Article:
Maltese bread

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Maltese bread
Type Bread
Place of origin Malta
Region or state Qormi
Cookbook: Maltese bread  Media: Maltese bread

Maltese bread, locally known as Ħobż tal-Malti, is a crusty sourdough bread from Malta, usually baked in wood ovens. It can be eaten as accompaniment to food and with a variety of fillings; the typical and favourite way to consume it is as bread with spread olive oil (Ħobż biż-żejt), where the bread is rubbed with tomatoes (as with the Catalan pa amb tomàquet) or tomato paste, drizzled with olive oil and filled with a choice or mix of tuna, olives, capers, onion, bigilla and ġbejna.

Qormi is the main city for bread making in Malta, with several bakeries spread out in almost every corner. During the rule of the Knights Hospitaller, it was known as Casal Fornaro meaning the bakers' town.[1] Nowadays an annually held festival, Lejl f'Casal Fornaro (a Night at Casal Fornaro), takes place in Qormi on the third Saturday of October.

Veteran baker Ġorġ "Il-Foqs" is locally known for his profession as a baker. He is located in a corner on St Catherine's Square in the older part of the city known as the San Ġorġ area. Other notable bakers like are Ġorġ "il-Boqboq", Ġorġ "is-Sufa", and Ġorġ "taz-Zinger" which are located at San Ġorġ. On a humoristic note, the people of Qormi are teased as being "rgiel sa Nofsinhar" meaning that they are not to be relied on after the "after noon", possibly due to most Qormi residents in the past being bakers and working late at night and in the early morning, being very tired by noon. Another probable reason for not being reliable after the after noon has to do with a sundial on the San Gorg church (the main church in the old part of Qormi). At one point, a new building was put up close to the church, which started casting a shadow on the sun dial at around noon. At that time, the sundial's shadow (used to tell time before clocks and watches came into vogue), would only show the time until noon, at which point full shadow would cover the sundial.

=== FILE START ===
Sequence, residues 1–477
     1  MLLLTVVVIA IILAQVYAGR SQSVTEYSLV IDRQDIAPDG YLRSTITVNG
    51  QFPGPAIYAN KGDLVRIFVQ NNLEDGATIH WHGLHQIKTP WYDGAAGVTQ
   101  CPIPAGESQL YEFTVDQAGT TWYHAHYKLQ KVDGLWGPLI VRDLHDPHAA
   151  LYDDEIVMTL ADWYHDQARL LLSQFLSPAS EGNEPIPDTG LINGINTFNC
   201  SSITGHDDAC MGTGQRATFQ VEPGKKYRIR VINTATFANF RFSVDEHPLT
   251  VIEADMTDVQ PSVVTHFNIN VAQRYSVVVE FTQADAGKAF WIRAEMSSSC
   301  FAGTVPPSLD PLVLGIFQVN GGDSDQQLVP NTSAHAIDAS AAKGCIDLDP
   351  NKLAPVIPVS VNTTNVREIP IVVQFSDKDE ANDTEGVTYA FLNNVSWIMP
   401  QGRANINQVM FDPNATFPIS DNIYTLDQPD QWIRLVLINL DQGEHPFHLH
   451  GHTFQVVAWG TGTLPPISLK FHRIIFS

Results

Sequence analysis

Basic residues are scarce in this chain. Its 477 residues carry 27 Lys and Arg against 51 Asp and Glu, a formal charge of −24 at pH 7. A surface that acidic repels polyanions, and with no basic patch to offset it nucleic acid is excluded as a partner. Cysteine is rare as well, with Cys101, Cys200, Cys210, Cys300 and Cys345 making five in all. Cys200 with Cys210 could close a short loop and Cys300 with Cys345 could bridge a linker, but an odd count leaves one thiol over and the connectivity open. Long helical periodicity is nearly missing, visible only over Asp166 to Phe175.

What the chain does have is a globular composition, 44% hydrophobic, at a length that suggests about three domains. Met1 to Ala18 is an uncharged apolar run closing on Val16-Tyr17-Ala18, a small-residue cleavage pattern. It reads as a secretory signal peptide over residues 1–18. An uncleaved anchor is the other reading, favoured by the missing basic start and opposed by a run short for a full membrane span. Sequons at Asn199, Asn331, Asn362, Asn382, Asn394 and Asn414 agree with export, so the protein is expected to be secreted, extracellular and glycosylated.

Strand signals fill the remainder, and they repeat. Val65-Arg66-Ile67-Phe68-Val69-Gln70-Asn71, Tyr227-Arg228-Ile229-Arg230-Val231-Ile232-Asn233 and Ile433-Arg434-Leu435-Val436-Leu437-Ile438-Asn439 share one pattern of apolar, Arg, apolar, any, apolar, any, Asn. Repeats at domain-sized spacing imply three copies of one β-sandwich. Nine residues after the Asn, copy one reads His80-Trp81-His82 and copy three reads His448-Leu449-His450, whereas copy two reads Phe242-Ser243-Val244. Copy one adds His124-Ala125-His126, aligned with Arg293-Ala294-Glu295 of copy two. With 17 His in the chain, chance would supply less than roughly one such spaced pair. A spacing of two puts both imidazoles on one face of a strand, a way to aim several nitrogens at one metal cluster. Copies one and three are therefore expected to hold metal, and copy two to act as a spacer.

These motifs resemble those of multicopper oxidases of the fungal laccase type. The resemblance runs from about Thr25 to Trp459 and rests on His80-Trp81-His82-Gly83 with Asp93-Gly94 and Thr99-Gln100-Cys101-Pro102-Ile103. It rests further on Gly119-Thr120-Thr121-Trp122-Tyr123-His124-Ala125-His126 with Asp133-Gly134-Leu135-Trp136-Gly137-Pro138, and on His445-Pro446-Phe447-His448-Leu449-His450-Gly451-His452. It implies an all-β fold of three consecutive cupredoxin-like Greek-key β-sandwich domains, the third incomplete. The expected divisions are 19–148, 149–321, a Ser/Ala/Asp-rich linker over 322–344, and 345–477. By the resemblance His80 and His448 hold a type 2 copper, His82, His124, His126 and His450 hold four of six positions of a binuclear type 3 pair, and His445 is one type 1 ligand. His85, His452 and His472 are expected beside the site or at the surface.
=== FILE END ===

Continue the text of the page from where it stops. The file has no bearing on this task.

The reason for the Maltese bakers working at the early hours of day is for people to have fresh bread ready to be bought as they were heading back home from the first mass of the day, generally held at 5 am.


  1. ^ Cassar Pullicino, J. (1956). "Social Aspects of Maltese Nicknames" (PDF). Scientia. 22 (2): 87. 

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